FontCreator use in Kindle or Nook

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FontCreator use in Kindle or Nook

Post by jedbryan@hotmail.com » Sat Feb 09, 2013 4:53 pm

Hi,

This is a bit off the wall, but I used High Logic to create substitute characters in an existing font for ebook application use. (The characters represent diacriticals,etc. for Navajo.) Has anyone tried to submit to Kindle using such a font? At first, I used a Palatino version with a spec char suffix. That didn't work. Kindle only takes a few fonts, including New Times Roman, Garamond, and one other. Their program automatically shited my text to New Times Roman (default). I redid another font Times New Roman (True Type) and kept its original name. No results yet. What I need to know and can't get from anyone at Amazon, is if you use one of the accepted fonts, do they automatically accept your font version (whether you have embedded it or not) or do they automatically use their version of the font and ignore yours? In the past, they have accpted the font but it comes out in gobbledegook (the original key characters, not the created replacements. Kindle has sold who knows how many copies of this trash version. If anyone out there has experienced a similar experience with Kindle (or Nook for that matter), could you please explain to me the ins and outs. This trial and error acceptance/rejection with bad results is giving me untold grief and ruining the reputation of my publisher and myself. Support from Amazon is non-existent.` Too big to care.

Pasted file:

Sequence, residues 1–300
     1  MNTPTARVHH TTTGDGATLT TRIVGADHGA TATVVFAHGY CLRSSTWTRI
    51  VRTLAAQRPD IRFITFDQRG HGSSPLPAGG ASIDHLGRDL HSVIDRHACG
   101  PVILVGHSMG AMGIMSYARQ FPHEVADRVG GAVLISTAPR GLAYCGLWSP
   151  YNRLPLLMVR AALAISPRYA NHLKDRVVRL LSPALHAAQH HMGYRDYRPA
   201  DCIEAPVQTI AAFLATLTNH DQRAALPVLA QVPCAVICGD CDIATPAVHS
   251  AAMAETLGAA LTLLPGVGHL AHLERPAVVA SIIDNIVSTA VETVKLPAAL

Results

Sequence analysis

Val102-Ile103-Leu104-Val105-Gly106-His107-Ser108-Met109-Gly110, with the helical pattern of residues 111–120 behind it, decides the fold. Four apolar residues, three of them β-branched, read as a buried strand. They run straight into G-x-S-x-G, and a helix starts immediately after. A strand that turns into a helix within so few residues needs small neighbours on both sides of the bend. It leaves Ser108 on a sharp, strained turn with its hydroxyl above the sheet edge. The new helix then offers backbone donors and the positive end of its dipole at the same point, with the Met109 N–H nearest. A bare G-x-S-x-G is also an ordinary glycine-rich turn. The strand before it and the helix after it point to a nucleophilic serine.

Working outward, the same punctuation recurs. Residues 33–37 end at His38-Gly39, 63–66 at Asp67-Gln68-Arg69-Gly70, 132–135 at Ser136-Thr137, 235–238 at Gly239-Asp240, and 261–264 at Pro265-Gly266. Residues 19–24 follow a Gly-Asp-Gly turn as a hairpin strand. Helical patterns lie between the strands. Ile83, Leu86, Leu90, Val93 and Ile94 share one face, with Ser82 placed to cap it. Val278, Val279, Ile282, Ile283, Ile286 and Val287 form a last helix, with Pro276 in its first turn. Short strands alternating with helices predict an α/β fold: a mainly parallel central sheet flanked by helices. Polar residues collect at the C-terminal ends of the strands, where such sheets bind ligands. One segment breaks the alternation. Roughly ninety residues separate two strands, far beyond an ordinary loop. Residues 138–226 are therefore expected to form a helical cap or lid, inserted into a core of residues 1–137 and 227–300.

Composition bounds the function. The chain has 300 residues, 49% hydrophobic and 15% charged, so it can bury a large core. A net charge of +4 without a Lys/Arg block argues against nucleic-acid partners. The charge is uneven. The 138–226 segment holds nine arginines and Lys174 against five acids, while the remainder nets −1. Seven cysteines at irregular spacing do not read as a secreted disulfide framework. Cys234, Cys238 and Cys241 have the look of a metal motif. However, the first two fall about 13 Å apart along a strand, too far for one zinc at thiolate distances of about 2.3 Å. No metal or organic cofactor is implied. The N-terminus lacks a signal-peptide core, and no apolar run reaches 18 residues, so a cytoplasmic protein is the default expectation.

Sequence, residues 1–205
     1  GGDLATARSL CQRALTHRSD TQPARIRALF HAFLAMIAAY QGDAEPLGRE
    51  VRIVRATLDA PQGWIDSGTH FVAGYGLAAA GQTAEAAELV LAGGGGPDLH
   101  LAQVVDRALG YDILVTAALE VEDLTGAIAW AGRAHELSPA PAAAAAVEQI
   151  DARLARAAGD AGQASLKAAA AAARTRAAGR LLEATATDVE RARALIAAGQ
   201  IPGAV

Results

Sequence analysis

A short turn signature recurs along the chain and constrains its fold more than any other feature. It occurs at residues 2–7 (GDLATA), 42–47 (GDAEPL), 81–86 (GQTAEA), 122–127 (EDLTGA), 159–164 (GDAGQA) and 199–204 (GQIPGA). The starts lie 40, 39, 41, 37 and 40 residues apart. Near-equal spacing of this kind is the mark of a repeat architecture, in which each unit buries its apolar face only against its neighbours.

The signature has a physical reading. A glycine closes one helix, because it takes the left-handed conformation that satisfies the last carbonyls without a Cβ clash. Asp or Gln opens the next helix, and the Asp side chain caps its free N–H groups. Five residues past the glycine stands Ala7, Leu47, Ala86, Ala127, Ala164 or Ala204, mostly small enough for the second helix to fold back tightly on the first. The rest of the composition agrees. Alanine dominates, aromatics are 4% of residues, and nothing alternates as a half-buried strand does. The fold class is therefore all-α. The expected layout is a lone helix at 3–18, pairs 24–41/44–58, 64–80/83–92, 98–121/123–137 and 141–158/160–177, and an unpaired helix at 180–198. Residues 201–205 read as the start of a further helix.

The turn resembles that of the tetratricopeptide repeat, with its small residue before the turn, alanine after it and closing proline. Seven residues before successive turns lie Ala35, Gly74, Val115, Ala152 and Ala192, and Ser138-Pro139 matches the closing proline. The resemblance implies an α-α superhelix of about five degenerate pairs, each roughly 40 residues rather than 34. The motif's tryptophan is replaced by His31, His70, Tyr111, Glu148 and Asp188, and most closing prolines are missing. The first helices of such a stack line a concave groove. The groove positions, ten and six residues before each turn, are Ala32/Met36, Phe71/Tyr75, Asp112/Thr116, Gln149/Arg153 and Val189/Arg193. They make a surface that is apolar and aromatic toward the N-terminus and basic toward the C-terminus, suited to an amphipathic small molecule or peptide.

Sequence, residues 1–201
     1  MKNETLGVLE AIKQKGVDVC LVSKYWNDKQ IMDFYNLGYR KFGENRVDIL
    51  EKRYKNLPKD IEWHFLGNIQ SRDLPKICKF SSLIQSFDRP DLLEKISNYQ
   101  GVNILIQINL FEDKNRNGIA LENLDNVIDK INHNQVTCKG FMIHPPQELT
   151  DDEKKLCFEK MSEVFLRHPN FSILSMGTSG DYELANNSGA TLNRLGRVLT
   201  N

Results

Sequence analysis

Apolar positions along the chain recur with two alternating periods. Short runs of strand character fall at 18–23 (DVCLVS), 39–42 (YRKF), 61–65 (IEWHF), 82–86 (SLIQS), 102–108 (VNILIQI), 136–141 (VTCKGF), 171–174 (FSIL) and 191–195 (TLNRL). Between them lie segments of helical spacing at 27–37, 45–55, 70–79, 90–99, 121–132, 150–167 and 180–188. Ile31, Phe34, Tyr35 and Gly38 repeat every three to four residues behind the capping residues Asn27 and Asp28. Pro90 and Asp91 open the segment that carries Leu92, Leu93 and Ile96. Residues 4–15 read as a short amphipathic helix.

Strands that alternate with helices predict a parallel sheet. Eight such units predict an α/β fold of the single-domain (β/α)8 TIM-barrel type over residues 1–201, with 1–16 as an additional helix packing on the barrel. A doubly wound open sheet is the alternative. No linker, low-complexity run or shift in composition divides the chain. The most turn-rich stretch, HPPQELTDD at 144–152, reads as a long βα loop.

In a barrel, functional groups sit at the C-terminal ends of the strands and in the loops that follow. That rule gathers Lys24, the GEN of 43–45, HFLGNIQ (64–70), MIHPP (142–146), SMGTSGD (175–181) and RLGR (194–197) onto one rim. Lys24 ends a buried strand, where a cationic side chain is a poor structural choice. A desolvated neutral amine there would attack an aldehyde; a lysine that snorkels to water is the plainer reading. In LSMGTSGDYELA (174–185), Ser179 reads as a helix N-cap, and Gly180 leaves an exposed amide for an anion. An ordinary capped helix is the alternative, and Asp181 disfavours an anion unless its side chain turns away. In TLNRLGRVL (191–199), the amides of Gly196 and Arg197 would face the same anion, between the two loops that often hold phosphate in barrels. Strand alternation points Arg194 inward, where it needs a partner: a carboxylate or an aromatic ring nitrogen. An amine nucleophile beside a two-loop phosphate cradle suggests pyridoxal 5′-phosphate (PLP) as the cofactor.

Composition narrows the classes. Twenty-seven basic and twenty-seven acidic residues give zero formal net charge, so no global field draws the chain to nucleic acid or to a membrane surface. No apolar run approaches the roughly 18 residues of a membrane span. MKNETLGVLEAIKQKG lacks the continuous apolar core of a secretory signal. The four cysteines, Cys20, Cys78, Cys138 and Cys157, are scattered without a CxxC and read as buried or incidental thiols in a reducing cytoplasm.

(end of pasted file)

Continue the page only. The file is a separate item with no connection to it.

Jed

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Re: FontCreator use in Kindle or Nook

Post by Bhikkhu Pesala » Sat Feb 09, 2013 7:52 pm

We're at a disadvantage here, as we do not know what accents are required by the Navajo language.

The limited experience I have of producing Ebooks has been testing them in Calibre, which is not the same as testing in an actual E-reader. Sample E-book that uses characters from the Latin Extended Character Sets. ā ī ū ḍ ṃ ṇ ṅ ṭ, etc

I don't see how special fonts can be used unless they are embedded. If you're using a standard Unicode encoding, then as long as the E-reader's built-in fonts support those character sets, then substituting a different font should not cause any problems.